Story of children's rights
Coram has been involved with children's rights since it began as the Foundling Hospital in 1739.
Coram’s role in the history of the development of children’s rights was chronicled in the Respected & Protected exhibition at the Central Family Court in High Holborn in 2017.
More than 275 years since Thomas Coram set up the Foundling Hospital to help London's destitute children, the rights and freedoms of young children in the UK remain a serious concern, particularly in relation to the impact of poverty. At Coram we continue to work to uphold and protect the rights of these most vulnerable children - Coram CEO, Carol Homden
Respected & Protected
The Respected & Protected exhibition highlighted the importance of children’s rights and their slow but steady historical evolution. In particular, it examined:
The exhibition recognised that without an identity it is impossible for a child to claim other rights and discusses the Foundling Hospital's role in giving the children it cared for a new identity as part of their new start.
The exhibition also looked at the twin rights to an education and to not to have to work. This ties in with the forward-looking attitude of Thomas Coram towards children’s education.
Coram saw each child as a future citizen who needed to be equipped with the skills to be a useful member of society. His belief that this applied to both girls and boys meant that both were educated at the Foundling Hospital.
The exhibition included an interactive 19th-century classroom, complete with a speaking schoolmistress, as well as mock trials for school groups.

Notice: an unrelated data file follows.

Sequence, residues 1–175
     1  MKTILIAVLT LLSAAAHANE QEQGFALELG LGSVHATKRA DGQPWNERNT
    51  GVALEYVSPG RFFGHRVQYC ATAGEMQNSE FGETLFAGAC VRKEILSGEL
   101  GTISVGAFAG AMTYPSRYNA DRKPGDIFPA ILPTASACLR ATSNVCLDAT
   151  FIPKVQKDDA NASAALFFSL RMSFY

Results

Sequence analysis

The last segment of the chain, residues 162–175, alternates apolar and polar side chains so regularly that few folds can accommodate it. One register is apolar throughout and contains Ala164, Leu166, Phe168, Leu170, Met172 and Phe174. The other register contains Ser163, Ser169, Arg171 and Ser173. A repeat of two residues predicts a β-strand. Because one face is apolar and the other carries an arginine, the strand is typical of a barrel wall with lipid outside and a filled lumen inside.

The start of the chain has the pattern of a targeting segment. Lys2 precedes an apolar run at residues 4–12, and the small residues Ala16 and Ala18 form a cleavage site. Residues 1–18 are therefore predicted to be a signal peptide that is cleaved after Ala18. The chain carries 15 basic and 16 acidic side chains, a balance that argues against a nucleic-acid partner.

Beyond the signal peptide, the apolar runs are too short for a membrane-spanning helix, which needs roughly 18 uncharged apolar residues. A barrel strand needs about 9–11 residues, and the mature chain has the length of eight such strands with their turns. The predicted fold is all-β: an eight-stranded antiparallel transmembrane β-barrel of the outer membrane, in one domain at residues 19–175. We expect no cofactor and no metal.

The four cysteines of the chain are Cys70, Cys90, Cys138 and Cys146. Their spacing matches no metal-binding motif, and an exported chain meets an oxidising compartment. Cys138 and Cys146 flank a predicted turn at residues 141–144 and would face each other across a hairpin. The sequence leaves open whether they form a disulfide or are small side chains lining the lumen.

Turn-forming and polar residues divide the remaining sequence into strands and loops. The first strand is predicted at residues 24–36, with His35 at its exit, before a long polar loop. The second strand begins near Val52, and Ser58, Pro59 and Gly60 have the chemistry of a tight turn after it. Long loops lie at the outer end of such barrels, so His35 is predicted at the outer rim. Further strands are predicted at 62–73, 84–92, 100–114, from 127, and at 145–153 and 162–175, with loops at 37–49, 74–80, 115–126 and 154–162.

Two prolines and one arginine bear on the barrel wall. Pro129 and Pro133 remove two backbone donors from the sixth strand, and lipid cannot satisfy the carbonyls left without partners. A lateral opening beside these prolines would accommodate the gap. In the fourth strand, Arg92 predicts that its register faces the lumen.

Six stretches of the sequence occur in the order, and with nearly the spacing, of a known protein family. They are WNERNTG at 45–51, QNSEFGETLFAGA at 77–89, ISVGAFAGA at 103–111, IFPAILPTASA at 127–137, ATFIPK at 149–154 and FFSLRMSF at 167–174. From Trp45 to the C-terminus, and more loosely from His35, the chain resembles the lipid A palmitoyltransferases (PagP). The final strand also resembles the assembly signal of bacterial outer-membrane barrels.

The use of child soldiers was also examined in the exhibition and how, even though this is widely condemned in the developed world, there are still between 250,000 and 300,000 child soldiers fighting today.
This is an important area of work for Coram. Our Coram International research institution and consultancy, specialising in issues relating to children’s rights around the world, is working towards the adaptation of international and national legislation to combat the growing risk of extremism and radicalisation.
Historically, many boys who were brought up in the Foundling Hospital went into the military. Many of the children were enrolled into military bands because of the musical heritage of the Hospital and travelled with their respective regiments all over the world.
I remember the first night there, a lot of sobbing going on in the dormitory, or in the... army hut, where boys were missing their mums and they were homesick. But our boys weren't homesick... we had nothing to cry about so we listened to the other boys sobbing as they went to sleep, missing their home. Well, we had nothing to cry about. - John, who was born in 1929, went into the army when he left the Foundling Hospital. Quoted in Respected & Protected, The Rights of Children exhibition